1. Tom,

    I am not of the opinion that conservatives love the gay ordaination issue. As a conservative and an elder (and just re-elected for Session by Grace PC Houston), I loathe the thought of having to vote on this issue every two years. Conservatives would rather wake up in the morning asking God how we can help the poor, sick, the unchurched, to know Jesus Christ. It appears to me that our more progressive (liberal) brothers and sisters have one goal: ordaination of practicing homosexuals.

    We welcome everyone who comes to Grace with the love of Jesus Christ. We are all sinners that need the mercy and forgiveness of our Lord – that love and mercy we cannot earn by works but only by the love of God.

    Yes several issues of importance are being discussed and you named the ones (especially the new moderator that wants to have gay ordination) that will overshadow all others. However, the amendment of Israel and Palestine tells me that the committee did not read or understand history. Or if they did, they choose not to ignore it. Divestment of Caterpillar is asinine. And our “political office” in D.C. is an affront to most Presbyterians in the pews.

    The way of our leadership in Louisville is not the way of the leadership in most of our local churches.

    In Christ,

    Michael

    1. Michael:

      I am not saying you should stand or vote for anything you believe to be wrong. But what I am saying is that if asking God how we can help the poor, sick, the unchurched, to know Jesus Christ should be our priority (which I readily agree) let’s focus in on all the things that happen at GA that bring us closer to those goals (and there will be many such things that do so).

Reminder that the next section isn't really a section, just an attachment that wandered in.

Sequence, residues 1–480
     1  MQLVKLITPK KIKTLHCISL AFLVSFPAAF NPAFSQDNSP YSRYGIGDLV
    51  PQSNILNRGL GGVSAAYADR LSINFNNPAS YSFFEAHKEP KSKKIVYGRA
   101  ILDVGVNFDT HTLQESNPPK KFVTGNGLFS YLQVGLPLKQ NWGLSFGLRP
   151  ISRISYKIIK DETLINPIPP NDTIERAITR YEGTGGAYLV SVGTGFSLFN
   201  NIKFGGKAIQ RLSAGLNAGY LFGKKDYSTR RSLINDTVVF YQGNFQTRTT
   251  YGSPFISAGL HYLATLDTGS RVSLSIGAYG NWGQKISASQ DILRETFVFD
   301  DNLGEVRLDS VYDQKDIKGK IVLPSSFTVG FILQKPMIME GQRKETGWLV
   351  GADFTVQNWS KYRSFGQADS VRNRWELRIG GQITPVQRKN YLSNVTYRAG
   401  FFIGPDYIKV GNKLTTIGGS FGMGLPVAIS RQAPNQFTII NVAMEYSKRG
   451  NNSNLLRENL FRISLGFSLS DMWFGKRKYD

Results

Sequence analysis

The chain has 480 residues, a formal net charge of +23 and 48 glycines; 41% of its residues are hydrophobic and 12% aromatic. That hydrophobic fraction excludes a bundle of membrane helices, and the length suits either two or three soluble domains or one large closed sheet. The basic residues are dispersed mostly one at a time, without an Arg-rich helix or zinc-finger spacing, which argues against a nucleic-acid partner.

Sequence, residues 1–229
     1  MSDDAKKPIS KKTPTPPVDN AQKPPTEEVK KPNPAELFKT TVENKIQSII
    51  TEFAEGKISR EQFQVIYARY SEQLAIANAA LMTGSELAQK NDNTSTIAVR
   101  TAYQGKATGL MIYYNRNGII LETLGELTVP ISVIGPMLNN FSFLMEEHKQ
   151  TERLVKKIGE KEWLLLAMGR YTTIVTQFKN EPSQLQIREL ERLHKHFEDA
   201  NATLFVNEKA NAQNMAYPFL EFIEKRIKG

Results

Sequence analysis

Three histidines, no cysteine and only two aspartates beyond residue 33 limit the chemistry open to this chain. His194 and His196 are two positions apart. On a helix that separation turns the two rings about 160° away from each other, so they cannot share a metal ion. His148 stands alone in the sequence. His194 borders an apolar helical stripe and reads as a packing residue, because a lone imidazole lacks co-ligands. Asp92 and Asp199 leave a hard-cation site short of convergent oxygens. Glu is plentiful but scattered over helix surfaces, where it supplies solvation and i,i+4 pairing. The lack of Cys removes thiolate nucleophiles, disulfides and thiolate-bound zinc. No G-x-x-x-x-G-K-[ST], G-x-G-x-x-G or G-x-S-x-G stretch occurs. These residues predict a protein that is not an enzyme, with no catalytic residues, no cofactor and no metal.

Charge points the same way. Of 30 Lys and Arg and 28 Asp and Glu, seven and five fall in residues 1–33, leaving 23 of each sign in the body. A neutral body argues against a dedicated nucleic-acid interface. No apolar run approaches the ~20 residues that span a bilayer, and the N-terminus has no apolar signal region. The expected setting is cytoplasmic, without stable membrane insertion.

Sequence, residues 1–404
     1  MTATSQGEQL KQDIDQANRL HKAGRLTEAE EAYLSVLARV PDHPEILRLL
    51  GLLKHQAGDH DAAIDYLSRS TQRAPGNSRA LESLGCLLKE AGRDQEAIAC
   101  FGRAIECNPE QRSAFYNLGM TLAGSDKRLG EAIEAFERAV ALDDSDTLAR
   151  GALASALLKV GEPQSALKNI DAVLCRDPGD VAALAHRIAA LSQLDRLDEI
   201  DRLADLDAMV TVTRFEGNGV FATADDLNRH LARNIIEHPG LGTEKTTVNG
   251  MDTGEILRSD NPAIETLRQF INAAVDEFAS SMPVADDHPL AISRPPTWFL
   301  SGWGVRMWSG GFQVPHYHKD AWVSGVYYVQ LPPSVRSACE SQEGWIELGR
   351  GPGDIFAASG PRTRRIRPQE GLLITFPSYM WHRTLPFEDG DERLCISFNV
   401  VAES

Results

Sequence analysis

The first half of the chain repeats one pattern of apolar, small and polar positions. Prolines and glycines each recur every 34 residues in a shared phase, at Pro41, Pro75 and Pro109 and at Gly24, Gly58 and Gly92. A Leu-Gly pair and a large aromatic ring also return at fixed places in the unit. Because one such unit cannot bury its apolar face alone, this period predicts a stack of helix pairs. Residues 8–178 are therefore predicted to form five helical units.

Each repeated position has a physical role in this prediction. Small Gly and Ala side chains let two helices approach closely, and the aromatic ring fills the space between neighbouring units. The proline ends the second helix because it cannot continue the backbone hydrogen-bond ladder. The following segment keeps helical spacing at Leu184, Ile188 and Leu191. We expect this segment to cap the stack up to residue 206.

But when the average person in the pew and outside of the church hears that the Presbyterians have gotten together, yet again, seemingly to just debate gay ordination and homosexual marriage we should not be surprised if our pews don’t fill. Regardless of how we stand on those issues, to focus on the negative and divisive issues discounts so much wonderful work being done for the Lord and for others that it is numbing. We have churches that are growing in the PC(USA). We have hungry people who are being fed. We have so much clothes being shared with those who have little or none it is incredible. We have people learning of Jesus Christ and his way. We have people trying exciting new things in the church. But what will the bulk of the reports be on coming out of GA? Not on the things that unify us but on the things that divide us.

      We have to find a way out of this storm and it isn’t going to be about one side “winning” over the other. There is no “win” in church conflict, either locally or nationally, when significant numbers of people are on opposing sides.

      Thank you for writing in.

      In Christ,

      Tom Paine

  2. Great post Tom . . . we need to focus on what it means to be the church . . . sharing Jesus Christ with the broken, the lost and the lonely who need the transfroming touch of the Master.